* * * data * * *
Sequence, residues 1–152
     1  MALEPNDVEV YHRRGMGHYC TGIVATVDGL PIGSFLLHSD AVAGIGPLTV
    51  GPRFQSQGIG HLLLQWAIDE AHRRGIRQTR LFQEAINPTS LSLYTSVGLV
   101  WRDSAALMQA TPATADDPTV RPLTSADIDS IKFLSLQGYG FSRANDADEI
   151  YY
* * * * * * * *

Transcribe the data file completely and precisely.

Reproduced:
Sequence, residues 1–152
     1  MALEPNDVEV YHRRGMGHYC TGIVATVDGL PIGSFLLHSD AVAGIGPLTV
    51  GPRFQSQGIG HLLLQWAIDE AHRRGIRQTR LFQEAINPTS LSLYTSVGLV
   101  WRDSAALMQA TPATADDPTV RPLTSADIDS IKFLSLQGYG FSRANDADEI
   151  YY